It's been a while

since I've written. (Cue the standard blog apologia). The truth is that there hasn't been that much I've wanted to write about. Morgan in jail for the third time? And getting off again? Methinks you've suffered enough being expected to read about her trials and tribulations.

My hours have changed considerably. Time was when, had you suggested I'd be rising at 6 AM and arriving at the office at 7:15 AM I'd have diagnosed a bad case of rocks in the head. But alas, that's exactly what's happened. I can't believe I'm actually driving to work with my lights on. The first few times I'd get to 8 AM (and the third cup of coffee) and be unable to convince myself that I'd turned em off; nope, I had to go to the car park and check. The fact that it might have been a convenient excuse for a smoke will go unmentioned.

I have the option to start at any half hour between 7:30 and 9 but I reckon I've spent enough of my life sitting in cars waiting for traffic to move. If I hit the office by 7:15 I'm ahead of the rush both ways. How very sad.

It's the other end of the day that's the real problem though. One might imagine that if one is rising at 6 that one might be ready to retire somewhere in the 11 PM region. Not a bit of it! Come midnight and I know that I have less than 6 hours till rising and I still can't get to sleep! There's the power of 35 or so years of habit for you. Well, I can blame those years but the truth is that I also enjoy the hour or two I get to myself at the end of the day, when Sonya has gone to bed and I can listen to a symphony knowing that I won't be half way through when politeness requires a pause to listen to an interruption.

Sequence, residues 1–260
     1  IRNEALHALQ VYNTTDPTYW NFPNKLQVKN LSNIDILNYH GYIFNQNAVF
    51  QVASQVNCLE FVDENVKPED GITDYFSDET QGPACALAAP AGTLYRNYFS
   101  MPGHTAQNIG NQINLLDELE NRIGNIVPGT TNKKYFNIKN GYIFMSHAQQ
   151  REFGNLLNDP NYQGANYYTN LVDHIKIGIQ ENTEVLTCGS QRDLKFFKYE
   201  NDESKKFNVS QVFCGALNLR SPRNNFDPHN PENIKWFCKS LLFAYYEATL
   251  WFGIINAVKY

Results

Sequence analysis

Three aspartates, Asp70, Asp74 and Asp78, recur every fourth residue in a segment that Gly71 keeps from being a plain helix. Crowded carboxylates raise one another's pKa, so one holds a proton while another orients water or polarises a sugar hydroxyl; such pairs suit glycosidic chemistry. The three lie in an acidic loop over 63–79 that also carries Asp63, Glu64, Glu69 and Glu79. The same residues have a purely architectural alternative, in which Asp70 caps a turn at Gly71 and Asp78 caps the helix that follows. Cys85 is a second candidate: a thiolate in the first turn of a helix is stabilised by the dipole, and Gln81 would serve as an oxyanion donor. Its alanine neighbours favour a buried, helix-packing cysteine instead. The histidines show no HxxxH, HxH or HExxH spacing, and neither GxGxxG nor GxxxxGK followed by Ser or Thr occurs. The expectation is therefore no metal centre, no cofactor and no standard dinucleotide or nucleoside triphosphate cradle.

Except, of course, when the phone rings to announce that Morgan's been arrested yet again!

You wouldn't be dead for quids, would you!

Monday, November 10, 2008

That could have been worded a bit better

Our ISP is Cox Communications here in Phoenix. Truth to tell, we don't have a lot of choices - it seems to be QWest or Cox or satellite. Satellite sucks for internet usage and QWest are DSL. There are probably dozens of dial up choices but who wants dial up if you can have better?

For the most part Cox have been ok as an ISP - relatively little down time and reasonably reliable though for some reason we seem to go through a cable modem a year. I could understand that if we were replacing them in mid-summer or during the lightning season but we're not. It seems to be a mid October to late November thing.

Thus to a few weeks ago when we started experiencing the usual (for this time of year) random slowdowns and outages. After three or so days we decided it was time for the annual cable modem purchase. Off to Frys, returning with yet another piece of disposable technology.